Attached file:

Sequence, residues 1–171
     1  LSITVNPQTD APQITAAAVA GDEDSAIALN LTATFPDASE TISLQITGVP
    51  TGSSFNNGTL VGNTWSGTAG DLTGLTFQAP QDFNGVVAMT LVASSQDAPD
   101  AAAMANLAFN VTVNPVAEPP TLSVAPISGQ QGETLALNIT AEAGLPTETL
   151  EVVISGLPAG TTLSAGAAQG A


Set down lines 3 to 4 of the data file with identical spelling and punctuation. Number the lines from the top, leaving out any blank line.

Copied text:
    51  TGSSFNNGTL VGNTWSGTAG DLTGLTFQAP QDFNGVVAMT LVASSQDAPD
   101  AAAMANLAFN VTVNPVAEPP TLSVAPISGQ QGETLALNIT AEAGLPTETL